Thus, the court acknowledged that officer must make split-second decisions in tense, rapidly evolving circumstances. The court also noted that one must balance the nature of the intrusion (the use of force) against the government interests at stake. Lastly, the court noted there are three factors to consider in determining whether an officer used reasonable force: (1) the severity of the crime at issue, (2) whether the suspect posed an immediate threat to the officer or others, and (3) whether the suspect is actively resisting or attempting to evade arrest.
The plaintiff argued that the Eleventh Circuit case of Vinyard v. Wilson[iv] supported her claim that the officer used excessive force. In Vinyard, an officer pepper sprayed a woman who was handcuffed in the back of a police car and yelling at the officer. She was not resisting arrest or attempting to flee, and she posed no threat to the officer. However, in Vinyard, the court also noted that they stated that there may be a time where it is reasonable to pepper spray a suspect who is handcuffed. Specifically, the court stated
We recognized in Vinyard, that “[c]ourts have consistently concluded that using pepper spray is reasonable, [ ] where the plaintiff was either resisting arrest or refusing police requests.” Id. at 1348. We stated that “pepper spray is generally of limited intrusiveness, and it is designed to disable a suspect without causing permanent physical injury.” Id. And we further acknowledged that “pepper spray is a very reasonable alternative to escalating a physical struggle with an arrestee.” Id.[v]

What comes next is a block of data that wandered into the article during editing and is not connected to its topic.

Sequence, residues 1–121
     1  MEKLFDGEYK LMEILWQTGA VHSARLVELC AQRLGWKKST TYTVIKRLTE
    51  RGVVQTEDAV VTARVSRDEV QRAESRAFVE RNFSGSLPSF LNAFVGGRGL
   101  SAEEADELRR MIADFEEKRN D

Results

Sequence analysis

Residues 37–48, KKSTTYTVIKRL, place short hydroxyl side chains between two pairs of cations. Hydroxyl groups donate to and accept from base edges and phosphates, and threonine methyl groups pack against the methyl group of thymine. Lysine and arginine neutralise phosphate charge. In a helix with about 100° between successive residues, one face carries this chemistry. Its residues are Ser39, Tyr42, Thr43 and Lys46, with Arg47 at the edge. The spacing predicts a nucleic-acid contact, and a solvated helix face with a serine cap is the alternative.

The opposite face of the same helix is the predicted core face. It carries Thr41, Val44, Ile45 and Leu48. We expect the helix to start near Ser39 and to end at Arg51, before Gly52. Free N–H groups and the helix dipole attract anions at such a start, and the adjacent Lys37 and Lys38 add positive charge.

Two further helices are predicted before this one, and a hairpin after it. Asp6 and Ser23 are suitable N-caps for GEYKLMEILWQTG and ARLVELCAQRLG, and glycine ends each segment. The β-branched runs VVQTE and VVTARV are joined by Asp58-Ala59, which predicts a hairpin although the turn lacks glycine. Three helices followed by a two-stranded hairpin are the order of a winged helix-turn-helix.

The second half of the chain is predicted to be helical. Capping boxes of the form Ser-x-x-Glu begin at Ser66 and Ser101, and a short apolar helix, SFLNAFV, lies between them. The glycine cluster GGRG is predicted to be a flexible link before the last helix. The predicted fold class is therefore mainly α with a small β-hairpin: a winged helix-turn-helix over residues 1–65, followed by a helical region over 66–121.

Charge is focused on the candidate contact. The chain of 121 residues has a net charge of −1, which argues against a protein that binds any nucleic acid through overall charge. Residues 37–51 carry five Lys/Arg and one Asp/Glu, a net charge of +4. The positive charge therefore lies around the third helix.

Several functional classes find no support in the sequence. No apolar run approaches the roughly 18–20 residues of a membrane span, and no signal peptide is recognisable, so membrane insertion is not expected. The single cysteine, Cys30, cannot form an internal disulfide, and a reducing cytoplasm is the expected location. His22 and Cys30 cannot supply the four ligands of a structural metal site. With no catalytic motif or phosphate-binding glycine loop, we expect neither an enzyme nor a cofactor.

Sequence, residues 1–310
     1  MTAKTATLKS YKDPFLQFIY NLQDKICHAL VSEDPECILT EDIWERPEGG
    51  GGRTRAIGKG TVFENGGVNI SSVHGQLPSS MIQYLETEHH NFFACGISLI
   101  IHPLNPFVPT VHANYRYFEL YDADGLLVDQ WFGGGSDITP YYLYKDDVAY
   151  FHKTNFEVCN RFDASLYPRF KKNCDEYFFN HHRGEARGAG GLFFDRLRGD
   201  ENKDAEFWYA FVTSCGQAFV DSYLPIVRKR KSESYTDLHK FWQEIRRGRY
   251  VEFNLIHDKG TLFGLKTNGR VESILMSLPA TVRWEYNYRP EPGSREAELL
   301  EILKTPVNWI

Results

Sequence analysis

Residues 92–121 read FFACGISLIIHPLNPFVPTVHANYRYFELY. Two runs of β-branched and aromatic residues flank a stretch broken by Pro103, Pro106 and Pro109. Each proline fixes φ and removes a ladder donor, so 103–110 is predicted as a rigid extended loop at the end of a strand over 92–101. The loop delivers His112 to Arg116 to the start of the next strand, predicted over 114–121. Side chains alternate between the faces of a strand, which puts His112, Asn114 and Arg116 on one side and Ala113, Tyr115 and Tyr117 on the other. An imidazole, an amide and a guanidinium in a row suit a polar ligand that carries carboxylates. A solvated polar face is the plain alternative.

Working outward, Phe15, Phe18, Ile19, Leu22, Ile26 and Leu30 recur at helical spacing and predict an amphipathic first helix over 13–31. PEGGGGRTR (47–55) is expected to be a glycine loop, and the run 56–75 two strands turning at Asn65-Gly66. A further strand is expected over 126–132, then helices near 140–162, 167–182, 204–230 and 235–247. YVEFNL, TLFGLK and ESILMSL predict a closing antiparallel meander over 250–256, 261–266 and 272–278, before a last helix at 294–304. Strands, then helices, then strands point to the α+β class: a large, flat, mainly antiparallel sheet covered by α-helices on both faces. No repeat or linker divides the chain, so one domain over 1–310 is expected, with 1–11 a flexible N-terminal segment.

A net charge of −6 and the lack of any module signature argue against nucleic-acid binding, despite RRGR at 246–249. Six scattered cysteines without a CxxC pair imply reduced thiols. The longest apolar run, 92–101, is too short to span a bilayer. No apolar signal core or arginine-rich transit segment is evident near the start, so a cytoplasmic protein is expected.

Therefore, the Eleventh Circuit acknowledged that pepper spray is generally a degree of force that is considered to be of “limited intrusiveness.” Further, the court stated that “pepper spray is a very reasonable alternative to escalating a physical struggle with an arrestee.”[vi]
In light of the legal principles above, the court examined the facts of Nigro’s case. The court noted that the officer used two short (two second) bursts of pepper in response to Nigro’s violent kicking of the back door window of the patrol car and her resisting arrest. Again, as stated above, this is considered of limited intrusiveness. The court also balanced the government’s interest at stake. The government interest was preventing her from further damaging government property, injuring herself, or injuring officers. In balancing the limited intrusiveness of pepper spray against the government interest at stake the court stated
First, we have explained—albeit under different facts—that “[p]epper spray is a specially noninvasive weapon and may be one very safe and effective method of handling a violent suspect who may cause further harm to himself or others.” McCormich v. City of Ft. Lauderdale, 333 F.3d 1234, 1245 (11th Cir. 2003). Here Ms. Nigro, who has been detained pursuant to Florida’s Baker Act, was acting violently inside the patrol car. Second, in Vinyard we said in dicta that the use of pepper spray to subdue an arrestee who was acting violently in a patrol car is not excessive force. See Vinyard, 311 F.3d at 1348 n.9.[vii]
As such, the Eleventh Circuit held the officer did not use excessive force when he pepper sprayed Nigro, and they affirmed the district court’s grant of summary judgment for the officer in this case.
[i] No. 16-10193 (11th Cir. Decided October 4, 2016 Unpublished)
[ii] Id. at 2-3
[iii] Id. at 5
[iv] 311 F.3d 1340 (11th Cir. 2002)
[v] Nigro at 6
[vii] Id. at 6-7